~ * ~ * ~ * ~
"The Girl Books" are told from the perspective of the girl, here is a list of those books:
Book 7: Captive of Gor
Book 11: Slave Girl of Gor
Book 19: Kajira of Gor
Book 22: Dancer of Gor
Book 26: Witness of Gor
Book 27: Prize of Gor
Slave Silk, Its Color and Meaning
Guardsman of Gor Book 16 Page 108
There is much confusion in the online environment over the color of slave silk and what the color of this silk means.
I have researched the series and have collected here an exhaustive reference of silk colors.
There are, in fact, 12 different variations of color.
However, nowhere in the writings is the color of silk an indication of the 'level' of a slave.
In other words, unlike the belt color of a karate student, a slave does not start out in one color, progress through other colors and finally attain a coveted color.
Predominantly though, there do seem to be a couple of color preferences. One is that many paga slaves are dressed in yellow silk and another that many dancing slaves are dressed in scarlet.
However this is simply not a hard fast rule. In fact, there are no "rules" at all.
But what about the muchly debated topic of "white silk" and "red silk"?
First, these three quotes:
"Are you white silk?" I asked.Notice, it is obvious that the terms of 'white silk' and 'red silk' do not refer to the color of clothing the slave is wearing but instead to whether or not she is a virgin.
Does this mean that every virgin must then be dressed in white silk?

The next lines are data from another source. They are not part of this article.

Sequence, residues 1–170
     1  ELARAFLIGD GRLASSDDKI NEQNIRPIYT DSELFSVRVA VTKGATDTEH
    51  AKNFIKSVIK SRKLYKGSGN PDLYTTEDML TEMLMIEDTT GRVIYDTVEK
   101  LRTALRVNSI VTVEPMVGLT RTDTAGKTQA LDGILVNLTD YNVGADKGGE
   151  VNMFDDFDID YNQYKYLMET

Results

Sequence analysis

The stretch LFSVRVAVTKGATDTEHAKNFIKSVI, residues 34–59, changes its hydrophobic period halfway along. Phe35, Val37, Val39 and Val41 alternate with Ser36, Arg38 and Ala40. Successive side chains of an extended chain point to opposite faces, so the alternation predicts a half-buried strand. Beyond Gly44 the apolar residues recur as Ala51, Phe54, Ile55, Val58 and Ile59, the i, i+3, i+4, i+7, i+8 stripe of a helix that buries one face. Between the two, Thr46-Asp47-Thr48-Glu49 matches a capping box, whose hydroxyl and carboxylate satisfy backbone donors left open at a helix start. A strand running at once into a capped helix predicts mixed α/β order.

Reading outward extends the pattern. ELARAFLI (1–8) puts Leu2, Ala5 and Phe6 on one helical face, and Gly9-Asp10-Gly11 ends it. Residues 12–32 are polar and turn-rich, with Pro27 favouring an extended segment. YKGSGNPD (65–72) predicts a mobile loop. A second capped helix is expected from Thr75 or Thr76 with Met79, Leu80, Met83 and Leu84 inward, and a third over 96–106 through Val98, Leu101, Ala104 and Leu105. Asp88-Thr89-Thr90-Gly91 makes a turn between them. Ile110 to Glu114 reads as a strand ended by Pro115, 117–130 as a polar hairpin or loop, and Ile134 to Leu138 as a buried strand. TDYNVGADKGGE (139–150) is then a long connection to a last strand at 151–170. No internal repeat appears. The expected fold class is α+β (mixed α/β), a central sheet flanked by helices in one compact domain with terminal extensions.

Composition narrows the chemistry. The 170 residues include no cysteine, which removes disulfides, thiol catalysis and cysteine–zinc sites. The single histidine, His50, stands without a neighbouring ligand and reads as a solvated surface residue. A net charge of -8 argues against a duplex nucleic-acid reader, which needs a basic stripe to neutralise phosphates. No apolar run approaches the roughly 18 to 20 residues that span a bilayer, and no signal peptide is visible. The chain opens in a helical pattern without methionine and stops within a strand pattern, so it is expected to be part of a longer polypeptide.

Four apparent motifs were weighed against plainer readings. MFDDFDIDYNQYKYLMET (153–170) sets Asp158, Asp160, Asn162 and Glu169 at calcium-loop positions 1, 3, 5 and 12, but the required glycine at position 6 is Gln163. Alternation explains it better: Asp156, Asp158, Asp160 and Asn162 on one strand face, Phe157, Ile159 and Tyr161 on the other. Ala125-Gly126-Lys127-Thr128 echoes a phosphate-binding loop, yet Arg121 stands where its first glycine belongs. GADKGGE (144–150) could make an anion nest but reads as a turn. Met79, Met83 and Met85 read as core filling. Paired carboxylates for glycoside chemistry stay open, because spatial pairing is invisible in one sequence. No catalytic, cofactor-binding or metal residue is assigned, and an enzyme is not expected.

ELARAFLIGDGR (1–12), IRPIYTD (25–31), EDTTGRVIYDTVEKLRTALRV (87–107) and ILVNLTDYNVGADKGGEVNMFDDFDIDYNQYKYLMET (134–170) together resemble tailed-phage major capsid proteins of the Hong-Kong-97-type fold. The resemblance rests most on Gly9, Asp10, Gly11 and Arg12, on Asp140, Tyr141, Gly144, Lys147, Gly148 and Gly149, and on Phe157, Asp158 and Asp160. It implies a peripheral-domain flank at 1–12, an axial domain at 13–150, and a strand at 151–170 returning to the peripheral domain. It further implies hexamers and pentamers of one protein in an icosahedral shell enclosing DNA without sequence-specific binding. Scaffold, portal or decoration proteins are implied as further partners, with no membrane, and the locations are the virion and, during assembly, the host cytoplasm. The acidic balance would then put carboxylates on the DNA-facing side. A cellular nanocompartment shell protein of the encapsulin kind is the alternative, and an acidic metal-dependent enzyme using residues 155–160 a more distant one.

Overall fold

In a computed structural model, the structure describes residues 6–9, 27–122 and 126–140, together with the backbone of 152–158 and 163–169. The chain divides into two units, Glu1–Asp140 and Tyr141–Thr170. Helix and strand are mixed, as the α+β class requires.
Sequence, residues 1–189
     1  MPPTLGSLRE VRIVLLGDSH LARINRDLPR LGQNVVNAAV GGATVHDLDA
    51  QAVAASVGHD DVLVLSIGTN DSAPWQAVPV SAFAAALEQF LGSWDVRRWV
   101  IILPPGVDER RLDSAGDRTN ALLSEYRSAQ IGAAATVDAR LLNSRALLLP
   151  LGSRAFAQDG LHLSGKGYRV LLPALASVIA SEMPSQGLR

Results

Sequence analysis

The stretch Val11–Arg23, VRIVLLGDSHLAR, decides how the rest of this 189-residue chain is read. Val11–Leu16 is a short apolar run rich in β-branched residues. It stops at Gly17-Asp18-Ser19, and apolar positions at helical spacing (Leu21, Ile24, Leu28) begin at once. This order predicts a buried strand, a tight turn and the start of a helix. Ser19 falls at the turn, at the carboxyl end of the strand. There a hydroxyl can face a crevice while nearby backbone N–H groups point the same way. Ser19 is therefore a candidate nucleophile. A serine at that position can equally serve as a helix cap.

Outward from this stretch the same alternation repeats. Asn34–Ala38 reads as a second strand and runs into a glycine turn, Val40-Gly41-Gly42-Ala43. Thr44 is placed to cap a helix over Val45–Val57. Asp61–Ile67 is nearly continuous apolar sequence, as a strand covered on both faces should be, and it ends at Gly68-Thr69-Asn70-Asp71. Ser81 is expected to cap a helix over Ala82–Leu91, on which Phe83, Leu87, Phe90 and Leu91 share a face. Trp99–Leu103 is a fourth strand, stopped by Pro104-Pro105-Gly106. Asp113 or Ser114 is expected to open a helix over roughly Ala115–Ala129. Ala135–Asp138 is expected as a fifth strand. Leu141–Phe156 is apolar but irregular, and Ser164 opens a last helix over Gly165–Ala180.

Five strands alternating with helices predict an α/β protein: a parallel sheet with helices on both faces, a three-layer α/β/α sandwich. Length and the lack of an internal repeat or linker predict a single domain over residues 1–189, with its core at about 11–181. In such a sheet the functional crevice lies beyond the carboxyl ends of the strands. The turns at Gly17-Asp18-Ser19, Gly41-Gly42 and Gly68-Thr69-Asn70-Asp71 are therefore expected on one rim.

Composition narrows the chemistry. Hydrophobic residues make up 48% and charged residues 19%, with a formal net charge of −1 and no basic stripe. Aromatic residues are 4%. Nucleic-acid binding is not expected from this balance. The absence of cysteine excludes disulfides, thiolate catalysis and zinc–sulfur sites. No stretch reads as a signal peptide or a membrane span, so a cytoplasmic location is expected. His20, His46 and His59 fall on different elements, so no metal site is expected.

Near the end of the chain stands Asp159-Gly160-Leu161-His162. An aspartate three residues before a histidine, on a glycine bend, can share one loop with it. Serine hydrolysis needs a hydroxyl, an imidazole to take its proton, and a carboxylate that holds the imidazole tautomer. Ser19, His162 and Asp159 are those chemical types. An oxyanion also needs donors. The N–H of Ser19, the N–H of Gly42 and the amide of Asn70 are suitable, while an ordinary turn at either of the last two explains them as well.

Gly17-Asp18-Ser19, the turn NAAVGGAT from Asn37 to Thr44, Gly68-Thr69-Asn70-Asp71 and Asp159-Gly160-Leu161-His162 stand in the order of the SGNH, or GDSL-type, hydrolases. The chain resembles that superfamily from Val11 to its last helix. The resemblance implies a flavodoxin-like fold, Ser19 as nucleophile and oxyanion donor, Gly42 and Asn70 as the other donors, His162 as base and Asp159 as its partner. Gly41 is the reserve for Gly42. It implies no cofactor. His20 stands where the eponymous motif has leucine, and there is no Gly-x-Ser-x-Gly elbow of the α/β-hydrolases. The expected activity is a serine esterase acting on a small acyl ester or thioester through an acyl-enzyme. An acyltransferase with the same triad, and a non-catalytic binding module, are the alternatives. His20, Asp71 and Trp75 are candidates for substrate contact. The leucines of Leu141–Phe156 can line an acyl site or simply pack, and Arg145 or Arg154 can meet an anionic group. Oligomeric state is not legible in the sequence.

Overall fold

Notice these quotes:
"I have put you in red silk," I said. "Is it appropriate?"
Two different girls are mentioned.
The first, a virgin, is literally dressed in red silk. The color did not remove her virginity.
The second, no longer a virgin, was dressed in white silk. The color of white silk did not restore her hymen.
It simply pleased the particular master that they were dressed in the color they were.
In other words, a virgin need not be dressed in white, any more than a slave who is no longer a virgin be dressed in red.
To put it another way, if every virgin had to be dressed in white silk, then every girl no longer a virgin would have to be dressed in red silk. Obviously such a 'rule' simply does not exist. There are many different colors of slave silk.
To be sure, of course, the color of the garment, on Gor, would not be likely to be white, but, commonly, red or yellow. White, on Gor, is a color commonly associated with virginity. It is, accordingly, worn by few slaves.In conclusion, all conjecture aside, and by the Books, this quote is the final authority.
A "white-silk girl" is a virgin; one who is not a virgin is sometimes referred to as a "red-silk girl." This need not refer, literally, of course, to the color of their garmenture.On the right, and by color, are relevant references from the Books where silk colors are mentioned.
It is my hope that this effort will help you to better understand the meaning of silk colors.
I make no pronouncements on these matters, but report them as I find them.
Arrive at your own conclusions.
I wish you well,